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Explanations > Social ResearchStatistical principles > Confidence

Description | Example | Discussion | See also



Due to variation in the world, analyses and forecasts can seldom be done with complete certainty. They can often, however, be made with a degree of confidence that can be described numerically.

For example if a random man in a known population comes into a room, you might be able to say that there is a 95% chance that he will be 150 cm tall, plus or minus 9 cm. In other words, if you selected 100 random people, 95 are likely to be within this range.

Confidence thus has two aspects:

  1. A range of possible measures (eg. 141 cm to 159 cm).

    These are the confidence limits.
    The difference is called the confidence interval (CI).
  2. A probability that the forecast value lies within these limits.

The confidence interval is usually measured as a plus-or-minus deviation from the mean (assuming a symmetrical distribution).

The probability of a conclusion or forecast being correct may be expressed as a percentage is often expressed as decimal number, which is usually reversed, for example a 95% confidence is written as .05.

You can thus say that a person is six feet high, plus or minus half an inch, with a confidence in this assessment of 50%. This means that if you assessed 100 people of the same height (or the same person on different days), you would be right only 50% of the time.


A critical question is 'what is statistically significant?' For a researcher, this means being able to say that their experiment has proved something true or false.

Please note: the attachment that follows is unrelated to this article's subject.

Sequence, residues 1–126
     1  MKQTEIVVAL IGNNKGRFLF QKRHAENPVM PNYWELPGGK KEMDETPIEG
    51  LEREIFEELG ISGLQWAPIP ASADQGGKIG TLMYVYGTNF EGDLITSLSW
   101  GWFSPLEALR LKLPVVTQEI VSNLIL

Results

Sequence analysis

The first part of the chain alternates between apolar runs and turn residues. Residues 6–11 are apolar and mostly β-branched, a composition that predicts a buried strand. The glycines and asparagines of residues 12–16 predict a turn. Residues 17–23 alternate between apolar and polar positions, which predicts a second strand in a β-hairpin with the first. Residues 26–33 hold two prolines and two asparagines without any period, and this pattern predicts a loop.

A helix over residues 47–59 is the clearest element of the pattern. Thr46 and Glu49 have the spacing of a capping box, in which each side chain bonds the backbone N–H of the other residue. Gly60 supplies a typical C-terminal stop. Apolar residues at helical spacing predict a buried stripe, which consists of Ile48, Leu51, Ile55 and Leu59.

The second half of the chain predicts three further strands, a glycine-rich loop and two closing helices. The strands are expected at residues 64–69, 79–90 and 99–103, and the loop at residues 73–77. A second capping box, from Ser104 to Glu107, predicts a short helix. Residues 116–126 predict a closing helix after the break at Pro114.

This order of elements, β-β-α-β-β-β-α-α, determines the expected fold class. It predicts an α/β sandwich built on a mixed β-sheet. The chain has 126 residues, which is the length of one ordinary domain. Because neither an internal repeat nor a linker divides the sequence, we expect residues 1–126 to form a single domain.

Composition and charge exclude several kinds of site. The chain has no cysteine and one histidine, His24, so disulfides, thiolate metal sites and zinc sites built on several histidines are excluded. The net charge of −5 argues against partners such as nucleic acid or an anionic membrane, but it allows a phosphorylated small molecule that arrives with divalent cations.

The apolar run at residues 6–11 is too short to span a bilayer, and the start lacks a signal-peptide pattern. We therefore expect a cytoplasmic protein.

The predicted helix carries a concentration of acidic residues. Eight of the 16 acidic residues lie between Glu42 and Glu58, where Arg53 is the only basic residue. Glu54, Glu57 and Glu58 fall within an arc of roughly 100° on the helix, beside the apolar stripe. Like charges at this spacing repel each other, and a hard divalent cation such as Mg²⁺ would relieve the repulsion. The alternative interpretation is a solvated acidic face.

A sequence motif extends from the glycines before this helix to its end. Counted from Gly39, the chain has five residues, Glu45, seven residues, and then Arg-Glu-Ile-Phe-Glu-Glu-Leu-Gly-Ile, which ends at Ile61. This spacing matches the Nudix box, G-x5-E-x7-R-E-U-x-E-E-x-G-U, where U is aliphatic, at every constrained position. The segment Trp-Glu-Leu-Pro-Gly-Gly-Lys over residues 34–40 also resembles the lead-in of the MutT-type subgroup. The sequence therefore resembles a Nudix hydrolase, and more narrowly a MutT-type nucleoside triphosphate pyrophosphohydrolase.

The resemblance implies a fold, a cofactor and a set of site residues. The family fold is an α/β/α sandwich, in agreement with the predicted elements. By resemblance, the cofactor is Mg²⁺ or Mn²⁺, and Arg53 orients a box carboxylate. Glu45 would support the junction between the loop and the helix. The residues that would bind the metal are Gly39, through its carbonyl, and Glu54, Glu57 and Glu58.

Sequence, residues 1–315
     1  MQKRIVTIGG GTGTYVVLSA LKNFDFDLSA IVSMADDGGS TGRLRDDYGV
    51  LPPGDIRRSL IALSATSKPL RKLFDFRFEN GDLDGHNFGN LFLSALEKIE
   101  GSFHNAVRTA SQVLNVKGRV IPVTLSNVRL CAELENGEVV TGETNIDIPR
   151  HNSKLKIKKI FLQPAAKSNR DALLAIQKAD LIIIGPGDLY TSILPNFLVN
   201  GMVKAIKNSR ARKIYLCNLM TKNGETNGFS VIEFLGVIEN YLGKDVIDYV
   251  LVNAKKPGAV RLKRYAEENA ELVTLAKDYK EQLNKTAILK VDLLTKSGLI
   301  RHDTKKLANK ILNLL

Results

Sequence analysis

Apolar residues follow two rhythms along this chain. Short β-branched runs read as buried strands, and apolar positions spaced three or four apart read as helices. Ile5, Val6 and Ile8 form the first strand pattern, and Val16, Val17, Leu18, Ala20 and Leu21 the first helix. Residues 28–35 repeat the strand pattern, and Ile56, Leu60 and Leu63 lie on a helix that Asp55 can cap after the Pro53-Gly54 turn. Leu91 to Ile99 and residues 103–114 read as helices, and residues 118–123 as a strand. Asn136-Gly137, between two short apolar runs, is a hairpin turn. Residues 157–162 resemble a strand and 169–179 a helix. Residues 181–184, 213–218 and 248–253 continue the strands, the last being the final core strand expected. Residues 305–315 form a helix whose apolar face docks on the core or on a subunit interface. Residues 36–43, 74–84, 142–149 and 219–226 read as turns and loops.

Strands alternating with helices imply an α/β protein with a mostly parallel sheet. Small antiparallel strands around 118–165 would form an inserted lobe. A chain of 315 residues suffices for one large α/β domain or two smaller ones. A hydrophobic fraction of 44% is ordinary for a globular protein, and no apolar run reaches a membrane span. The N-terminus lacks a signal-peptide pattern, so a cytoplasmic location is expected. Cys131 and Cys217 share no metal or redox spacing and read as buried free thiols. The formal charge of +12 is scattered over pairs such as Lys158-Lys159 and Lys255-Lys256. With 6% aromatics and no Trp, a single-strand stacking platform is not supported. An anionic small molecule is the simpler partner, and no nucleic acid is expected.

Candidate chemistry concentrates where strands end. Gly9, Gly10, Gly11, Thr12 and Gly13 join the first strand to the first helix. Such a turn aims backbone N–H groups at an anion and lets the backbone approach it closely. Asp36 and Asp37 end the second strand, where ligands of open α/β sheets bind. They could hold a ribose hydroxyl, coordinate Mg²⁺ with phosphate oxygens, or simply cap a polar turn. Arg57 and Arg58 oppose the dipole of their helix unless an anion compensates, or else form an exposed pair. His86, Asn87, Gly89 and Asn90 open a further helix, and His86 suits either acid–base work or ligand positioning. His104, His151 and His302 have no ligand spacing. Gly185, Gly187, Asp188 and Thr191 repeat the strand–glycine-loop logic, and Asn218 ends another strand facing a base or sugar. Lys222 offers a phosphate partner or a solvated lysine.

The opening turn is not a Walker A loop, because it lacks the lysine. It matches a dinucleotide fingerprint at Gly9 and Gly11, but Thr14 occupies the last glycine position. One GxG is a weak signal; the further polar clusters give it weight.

In sampling, the higher the value of the standard error, the greater the sampling variability and hence the wider the confidence interval.

Statistician R. A. Fisher proposed that a confidence 95% (p=0.05) could be claimed as 'statistically significant' and this is commonly used. For strong confidence, a 99% (0.01) figure may be sought.

On graphs, confidence limits may be shown as whisker lines, extending above and below each point or bar top, although these whiskers may also show standard deviation, standard error or some other measure of spread. It is therefore important to indicate what whiskers mean.

Confidence and statistical significance is all well and good, but significance does not always equate to usefulness and the effect is often also calculated to determine this. Thus you can have a high confidence that a change is statistically significant, but that change can be so tiny as be not very significant in real terms.

As many experiments work with samples and sample means, this principle works here also.

See also

Two error types


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